You cannot win the Masters on Thursday or Friday but you can sure as hell lose it. A 70 and a 68 had Woods one stroke from the halfway lead, held by a quintet including Scott, Molinari and Koepka. “There wasn’t much conversation with Tiger during those first two rounds,” confirms Jon Rahm, one of his playing partners. “But that isn’t unusual at a major.”
A Saturday pairing with Poulter led people to highlight the ‘new’ Tiger. In 2018 the duo were also third-round companions but nowhere near Masters contention. “He shot five under, I shot four under and I played great,” says the Englishman. “At that point I was thinking: ‘If I can have another day like that I might have a chance.’ He was ready, he had all the shots and was pretty damn good. He had more of his game together than a year earlier, by a mile. There was a buzz out there all day Saturday. Playing with him was fun, but you could sense he was lurking.”
It felt as if 99% of the Sunday gallery – 10 deep in places – were manning the 1st fairway as Woods, Molinari and Finau appeared on the tee. By midday, Woods strode to the 10th trailing the Italian by one. “I’ve always felt this, if I’m within six of the lead starting the back nine on Sunday, I’ve got a shot at it,” Woods says.
Poulter had Koepka and Webb Simpson for company in the penultimate group. Koepka’s threat to Woods was obvious; the Floridian arrived at the 83rd Masters having won on two of his previous three major outings. With Molinari holding a two-stroke lead, Koepka and Woods were level at 11 under par before disaster, namely Rae’s Creek, struck for the reigning US Open and US PGA champion at the 12th.
“We were a couple behind Frankie so I think Brooks felt he had to do more and changed his line a little bit,” explains Elliott. “He maybe lost a bit of patience. If he had been in the last group and seen everyone in front dunk it in the water he might have thought differently.”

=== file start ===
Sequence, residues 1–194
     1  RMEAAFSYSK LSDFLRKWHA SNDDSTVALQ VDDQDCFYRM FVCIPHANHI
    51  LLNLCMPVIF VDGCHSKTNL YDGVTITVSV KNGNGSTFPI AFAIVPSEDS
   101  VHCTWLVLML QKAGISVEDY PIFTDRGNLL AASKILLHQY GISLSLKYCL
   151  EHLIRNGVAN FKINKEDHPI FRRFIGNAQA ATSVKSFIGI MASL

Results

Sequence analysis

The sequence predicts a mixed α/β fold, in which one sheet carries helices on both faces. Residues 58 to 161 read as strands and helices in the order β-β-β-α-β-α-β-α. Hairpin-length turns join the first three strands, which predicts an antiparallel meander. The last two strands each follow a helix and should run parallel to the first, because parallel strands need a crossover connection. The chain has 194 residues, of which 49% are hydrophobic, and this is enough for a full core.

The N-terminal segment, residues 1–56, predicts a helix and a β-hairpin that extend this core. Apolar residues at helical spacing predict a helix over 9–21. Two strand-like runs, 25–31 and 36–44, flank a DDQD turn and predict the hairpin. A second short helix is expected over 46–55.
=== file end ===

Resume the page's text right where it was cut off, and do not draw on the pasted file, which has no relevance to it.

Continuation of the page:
Molinari’s horrid capitulation also started at Golden Bell. The Italian, who brushed Woods aside en route to Open Championship glory less than a year earlier, shared fifth from such a commanding earlier position. “Having the Claret Jug and winning a major not long before already told me I was able to do it,” Molinari says. “In some ways it made the disappointment a little bit bigger; that time I wasn’t able to close it out.”
Elliott can reel off Koepka’s closing stretch as if it were yesterday. “Eagles 13, great chance at 14 and left it short, 15 I thought he had holed it for eagle, 16 the ball just stayed above the slope …” The key, though, is that Koepka was “right back in it”. Woods delivered a crushing blow to all the young pretenders with a glorious, for-the-ages tee shot at the par three 16th, almost resulting in a hole-in-one. The Olympic swimming legend Michael Phelps, in the gallery directly behind Woods, was among those caught in the moment.
“We were on the 17th tee when Tiger’s shot came in,” Elliott adds. “We were pin high, standing on tip toes watching it. It looked like it was going in the hole. So it’s incredible to be there, in that moment even though Brooks was still in the hunt. Tiger now had a two shot lead but that’s no gimme at Augusta.
“We were playing catch up all day and it didn’t really feel like we gave it away. In hindsight, if he had holed a couple of putts it could have been a back door win. We were never ahead, always behind, so we weren’t kicking doors in afterwards. It was an unbelievably exciting day.”
Woods’s playing of the last was conservative. And rightly so. A bogey five was sufficient for victory, meaning the champion-in-waiting found himself short and right of the putting surface in two. “When I was walking up on the green, to see my family and friends there through the chute, I started to get a little bit emotional,” Woods says. “I had to rein it back in and say: Hey, it’s not quite over yet.”
When it was, Woods couldn’t anticipate he would have to wait at least 19 months for a title defence. Through horrible, unforeseen circumstances, this somehow manages to add to the allure of what transpired on 14 April 2019. An enduring story has been allowed a broader canvas. No one who witnessed this will ever forget it.